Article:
Week End Blog – US inflation, the low volatility saga and Chinese house prices

Ms. Yellen took center stage this week as the Fed again trimmed its bond buying program. The Fed cut its estimate for this year’s US economic growth, after a dismal first quarter in which GDP is expected to contract by 2% (annualized that is). In the press conference following the FOMC announcement Yellen spoke ‘dovish’, emphasizing that rates could stay low, way after QE ends. The initial market reaction was firm, as bond yields came down sharply.

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However, as the week progressed, the ‘Yellen’ effect was reversed. That should not have come as a surprise. Earlier this week, US inflation came in higher than expected. Both the core and headline CPI number are now at or above the 2%-threshold. Together with the recovery in employment and some, although minor, indications that wages may be about to increase, could push yields higher going forward.

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More on central banks. There was a very cool graph circulating on Twitter this week, showing the immense amount of QE that has been applied globally. The central bank balance sheets of the US, the UK, the Eurozone, and Japan have expanded by a mind-blowing $ 4.7 trillion since 2007. Wow!

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What has this balance sheet expansion brought us? Apart from soaring equity markets, volatility has declined to multi-year lows. This week the VIX-index tried to break 10, and although it didn’t succeed, the chart below shows we are currently experiencing one of the most tranquil periods, ever.

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Volatility is not just extremely low in equity markets. Bond market risk is also at extreme levels and extraordinary things can happen. High yield bond volatility is now below that of credits, despite their lower credit ratings. Duration is part of the explanation, but it sure looks as if high yield bond investors want to forget about possible defaults for now. To read more about the low volatility saga, click here.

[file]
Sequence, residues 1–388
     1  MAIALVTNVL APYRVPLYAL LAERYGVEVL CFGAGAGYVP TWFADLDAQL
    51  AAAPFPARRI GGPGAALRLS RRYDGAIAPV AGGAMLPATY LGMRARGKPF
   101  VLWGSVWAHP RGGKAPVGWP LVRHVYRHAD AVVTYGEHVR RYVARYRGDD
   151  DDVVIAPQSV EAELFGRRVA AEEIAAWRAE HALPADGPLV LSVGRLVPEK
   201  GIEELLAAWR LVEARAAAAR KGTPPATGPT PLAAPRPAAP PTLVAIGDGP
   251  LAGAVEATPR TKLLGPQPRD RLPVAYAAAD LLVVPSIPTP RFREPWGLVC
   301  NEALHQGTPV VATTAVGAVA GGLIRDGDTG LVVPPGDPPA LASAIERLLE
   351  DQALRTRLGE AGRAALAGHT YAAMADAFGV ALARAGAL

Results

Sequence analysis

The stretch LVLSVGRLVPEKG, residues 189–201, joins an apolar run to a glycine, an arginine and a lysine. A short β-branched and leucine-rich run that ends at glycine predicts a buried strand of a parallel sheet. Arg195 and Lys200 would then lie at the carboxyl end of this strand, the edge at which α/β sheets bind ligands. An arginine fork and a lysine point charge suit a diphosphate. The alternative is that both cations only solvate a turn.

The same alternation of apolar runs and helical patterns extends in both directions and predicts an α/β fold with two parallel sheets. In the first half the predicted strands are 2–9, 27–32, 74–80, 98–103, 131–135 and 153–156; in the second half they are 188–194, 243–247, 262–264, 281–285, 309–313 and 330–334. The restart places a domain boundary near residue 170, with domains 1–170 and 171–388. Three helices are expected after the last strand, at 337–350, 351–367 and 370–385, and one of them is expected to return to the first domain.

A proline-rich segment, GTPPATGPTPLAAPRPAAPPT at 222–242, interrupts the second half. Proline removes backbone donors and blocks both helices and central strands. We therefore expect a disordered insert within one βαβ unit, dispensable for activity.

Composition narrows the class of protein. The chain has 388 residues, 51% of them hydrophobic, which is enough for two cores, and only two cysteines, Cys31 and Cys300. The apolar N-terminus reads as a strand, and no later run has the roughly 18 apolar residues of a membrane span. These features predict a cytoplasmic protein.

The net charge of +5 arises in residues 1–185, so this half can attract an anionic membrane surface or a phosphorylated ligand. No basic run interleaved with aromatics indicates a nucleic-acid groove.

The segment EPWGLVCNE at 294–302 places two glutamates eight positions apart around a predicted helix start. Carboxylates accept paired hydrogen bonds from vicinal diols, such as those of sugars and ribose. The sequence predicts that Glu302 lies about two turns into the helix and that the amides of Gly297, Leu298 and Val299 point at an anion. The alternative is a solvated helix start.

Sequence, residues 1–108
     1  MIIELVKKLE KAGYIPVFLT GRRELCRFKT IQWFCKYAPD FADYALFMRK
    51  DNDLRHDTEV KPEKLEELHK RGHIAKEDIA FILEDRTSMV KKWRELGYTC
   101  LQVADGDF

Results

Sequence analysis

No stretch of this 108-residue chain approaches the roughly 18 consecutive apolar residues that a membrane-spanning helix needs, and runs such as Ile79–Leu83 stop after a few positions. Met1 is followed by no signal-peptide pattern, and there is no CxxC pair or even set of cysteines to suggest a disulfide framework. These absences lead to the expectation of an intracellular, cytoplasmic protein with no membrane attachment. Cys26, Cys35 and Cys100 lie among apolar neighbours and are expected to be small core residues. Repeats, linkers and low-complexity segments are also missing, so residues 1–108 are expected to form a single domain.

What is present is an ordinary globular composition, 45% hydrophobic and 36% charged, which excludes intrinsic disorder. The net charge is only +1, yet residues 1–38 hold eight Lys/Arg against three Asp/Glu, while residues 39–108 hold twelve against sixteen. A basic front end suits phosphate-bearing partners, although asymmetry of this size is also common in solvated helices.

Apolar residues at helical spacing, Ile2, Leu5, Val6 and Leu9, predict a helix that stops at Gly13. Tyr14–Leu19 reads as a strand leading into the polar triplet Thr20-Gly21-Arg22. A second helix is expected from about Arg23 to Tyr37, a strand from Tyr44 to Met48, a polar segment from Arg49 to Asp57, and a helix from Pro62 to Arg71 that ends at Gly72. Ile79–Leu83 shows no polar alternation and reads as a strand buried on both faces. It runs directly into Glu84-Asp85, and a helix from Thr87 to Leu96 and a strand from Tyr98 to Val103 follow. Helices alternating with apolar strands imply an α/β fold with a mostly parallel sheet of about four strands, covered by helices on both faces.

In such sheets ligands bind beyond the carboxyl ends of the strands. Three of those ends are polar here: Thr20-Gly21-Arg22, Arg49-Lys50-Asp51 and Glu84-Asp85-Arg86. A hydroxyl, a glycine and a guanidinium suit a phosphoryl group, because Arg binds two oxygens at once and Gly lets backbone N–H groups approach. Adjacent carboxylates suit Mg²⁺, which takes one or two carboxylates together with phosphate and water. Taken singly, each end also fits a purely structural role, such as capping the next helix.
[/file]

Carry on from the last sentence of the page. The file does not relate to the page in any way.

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Now, unfortunately, there was some negative news as well. In Germany the leading ZEW-index declined for the sixth month in a row. Also the ZEW-index showed that, while investors have become more optimistic about the current situation, they are less enthusiastic about the future.

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China is experiencing its own difficulties. The slowing of the economy was reaffirmed by this week’s numbers. In May foreign direct investment declined by 6.7% compared to the same period a year ago.

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Also, house price data showed that the Chinese property sector is weakening. For years the majority, if not all, of the 70 cities that are included in the house price data revealed rising home values. But in recent months this has changed dramatically. Last month, only in 19 of the 70 cities did prices of existing homes rise.

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Thank you for reading. You can now go back to the only thing that matters these days, the World Cup!

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